I signed on to participate in next DDSB Board meeting that took place online on April 19th. As a participant to the Board meeting, I could ask one question: “As the chair of the Intellectual Freedom Committee for the Canadian Federation of Library Associations (CFLA), we have been contacted about a possible censorship issue in the library learning commons of the Durham District School Board. In most school districts across the country, there are policies and procedures for teacher librarians to evaluate and weed materials in their library learning commons. It is quite uncommon, as well as inappropriate, for a school board in Canada to direct school principals to remove specific items from a library learning commons without following the Board policies and procedures.
Before attending the Board meeting, I did a review of the policies in place in the DDSB district. See Appendix A at the end of this post.
The DDSB has the appropriate policies in place and had they followed them, this process could have been resolved properly and without going to the press and being challenged on social media.
The DDSB Board Meeting on April 19th proved most interesting and informative, the trustees opened the meeting talking about the book removals and it went on for the first hour and a half of the Board meeting.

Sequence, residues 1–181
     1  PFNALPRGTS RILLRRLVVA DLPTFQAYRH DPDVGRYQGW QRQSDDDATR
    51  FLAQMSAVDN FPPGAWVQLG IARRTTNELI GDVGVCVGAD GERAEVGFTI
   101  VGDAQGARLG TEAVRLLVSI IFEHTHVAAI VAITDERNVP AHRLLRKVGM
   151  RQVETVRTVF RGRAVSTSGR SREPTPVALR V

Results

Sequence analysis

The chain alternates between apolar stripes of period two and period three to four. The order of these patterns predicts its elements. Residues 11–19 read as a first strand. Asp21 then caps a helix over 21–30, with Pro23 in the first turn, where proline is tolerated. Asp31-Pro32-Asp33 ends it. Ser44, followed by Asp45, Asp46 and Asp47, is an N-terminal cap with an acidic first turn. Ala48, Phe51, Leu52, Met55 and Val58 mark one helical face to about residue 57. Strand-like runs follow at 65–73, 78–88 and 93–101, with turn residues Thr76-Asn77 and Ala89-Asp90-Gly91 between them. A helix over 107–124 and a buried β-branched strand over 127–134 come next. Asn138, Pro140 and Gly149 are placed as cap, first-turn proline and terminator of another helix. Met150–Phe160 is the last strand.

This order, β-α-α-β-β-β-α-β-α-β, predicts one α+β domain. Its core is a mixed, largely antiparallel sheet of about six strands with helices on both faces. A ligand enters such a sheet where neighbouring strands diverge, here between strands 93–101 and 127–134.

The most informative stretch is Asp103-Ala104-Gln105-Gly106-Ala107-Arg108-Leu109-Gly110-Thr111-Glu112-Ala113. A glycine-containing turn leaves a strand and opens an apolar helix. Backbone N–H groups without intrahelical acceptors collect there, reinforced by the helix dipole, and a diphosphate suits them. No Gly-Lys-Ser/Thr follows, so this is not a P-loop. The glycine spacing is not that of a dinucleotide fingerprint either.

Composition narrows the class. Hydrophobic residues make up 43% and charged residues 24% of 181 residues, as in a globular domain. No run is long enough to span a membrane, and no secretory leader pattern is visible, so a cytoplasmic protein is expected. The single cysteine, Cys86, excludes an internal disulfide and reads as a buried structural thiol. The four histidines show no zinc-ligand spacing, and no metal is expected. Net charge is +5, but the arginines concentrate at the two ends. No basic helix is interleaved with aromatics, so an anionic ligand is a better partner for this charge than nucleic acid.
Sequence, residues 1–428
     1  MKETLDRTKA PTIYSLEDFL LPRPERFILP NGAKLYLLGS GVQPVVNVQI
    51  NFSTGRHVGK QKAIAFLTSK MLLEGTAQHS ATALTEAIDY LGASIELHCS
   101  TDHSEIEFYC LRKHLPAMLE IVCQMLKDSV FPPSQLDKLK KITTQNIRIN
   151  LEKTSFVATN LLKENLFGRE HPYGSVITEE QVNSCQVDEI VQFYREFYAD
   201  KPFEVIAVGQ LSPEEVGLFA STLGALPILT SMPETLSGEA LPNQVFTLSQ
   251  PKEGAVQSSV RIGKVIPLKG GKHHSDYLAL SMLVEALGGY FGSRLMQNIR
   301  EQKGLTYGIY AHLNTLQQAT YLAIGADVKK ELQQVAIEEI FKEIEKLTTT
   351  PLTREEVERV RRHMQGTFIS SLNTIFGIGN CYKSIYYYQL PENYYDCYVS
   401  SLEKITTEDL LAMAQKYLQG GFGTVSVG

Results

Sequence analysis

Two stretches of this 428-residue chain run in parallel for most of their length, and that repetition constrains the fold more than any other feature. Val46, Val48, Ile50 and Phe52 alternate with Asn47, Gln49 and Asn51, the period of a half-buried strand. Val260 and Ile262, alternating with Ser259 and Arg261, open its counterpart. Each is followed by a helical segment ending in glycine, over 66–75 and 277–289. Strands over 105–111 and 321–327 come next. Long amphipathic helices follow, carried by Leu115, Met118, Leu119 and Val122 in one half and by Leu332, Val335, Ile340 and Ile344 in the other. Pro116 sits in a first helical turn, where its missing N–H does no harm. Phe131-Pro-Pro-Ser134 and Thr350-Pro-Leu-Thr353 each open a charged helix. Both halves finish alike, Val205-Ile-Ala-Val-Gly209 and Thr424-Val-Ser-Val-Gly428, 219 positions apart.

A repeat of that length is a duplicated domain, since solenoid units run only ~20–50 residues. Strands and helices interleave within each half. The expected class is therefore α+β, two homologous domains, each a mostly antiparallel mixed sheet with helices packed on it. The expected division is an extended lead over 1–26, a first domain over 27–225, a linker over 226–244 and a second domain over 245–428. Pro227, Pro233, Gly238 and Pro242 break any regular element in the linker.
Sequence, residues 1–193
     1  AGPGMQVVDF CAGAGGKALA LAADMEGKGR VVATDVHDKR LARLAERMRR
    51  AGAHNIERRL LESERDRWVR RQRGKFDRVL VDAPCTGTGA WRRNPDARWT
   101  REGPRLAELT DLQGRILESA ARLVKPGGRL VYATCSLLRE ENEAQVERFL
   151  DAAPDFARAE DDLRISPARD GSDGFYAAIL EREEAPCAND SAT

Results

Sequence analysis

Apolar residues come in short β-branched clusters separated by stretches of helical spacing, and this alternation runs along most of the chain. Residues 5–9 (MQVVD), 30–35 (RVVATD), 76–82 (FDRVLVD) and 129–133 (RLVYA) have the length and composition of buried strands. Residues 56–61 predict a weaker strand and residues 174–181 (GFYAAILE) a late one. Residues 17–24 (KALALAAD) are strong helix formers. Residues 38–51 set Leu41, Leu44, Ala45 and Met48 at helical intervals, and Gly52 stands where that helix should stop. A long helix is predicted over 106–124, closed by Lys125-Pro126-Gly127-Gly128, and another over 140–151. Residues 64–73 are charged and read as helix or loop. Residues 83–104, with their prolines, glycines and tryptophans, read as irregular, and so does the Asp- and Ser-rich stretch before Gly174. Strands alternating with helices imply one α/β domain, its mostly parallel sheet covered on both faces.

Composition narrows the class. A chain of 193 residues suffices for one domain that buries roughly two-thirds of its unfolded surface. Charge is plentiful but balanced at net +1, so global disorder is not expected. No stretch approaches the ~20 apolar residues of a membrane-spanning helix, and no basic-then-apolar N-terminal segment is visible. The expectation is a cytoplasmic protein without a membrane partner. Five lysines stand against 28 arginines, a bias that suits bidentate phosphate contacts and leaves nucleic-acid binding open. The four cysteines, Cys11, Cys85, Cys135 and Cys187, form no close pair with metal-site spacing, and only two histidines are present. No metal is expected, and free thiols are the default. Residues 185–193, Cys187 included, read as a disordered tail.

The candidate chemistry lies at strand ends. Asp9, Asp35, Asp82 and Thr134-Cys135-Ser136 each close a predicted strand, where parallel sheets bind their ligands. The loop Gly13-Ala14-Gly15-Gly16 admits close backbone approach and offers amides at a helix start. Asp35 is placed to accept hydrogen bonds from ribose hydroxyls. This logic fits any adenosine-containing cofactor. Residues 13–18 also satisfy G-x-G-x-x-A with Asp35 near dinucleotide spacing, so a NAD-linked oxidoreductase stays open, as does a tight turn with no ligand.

The trustees were caught off guard by the blowback in the Toronto Star and on social media. The first question was why no one responded to the publishers of 'The Great Bear' by David A. Robertson who had written concerned about the removal. The district had to admit that the two emails from the publisher ended up in a junk file, and no one checked for them until the article in the Toronto Star appeared stating that the district had not responded to their emails.
There was concern on the part of the Trustees that the Board administration’s directive to remove the books went out just before the long weekend, and it was poor timing because of the response on social media to the Toronto Star article. The DDSB Director of Education explained that it was First Nations families who had complaints about the title and that was why the books were removed from the collection without review or compliance with District policy and procedure.
The trustees then voted on the following motion: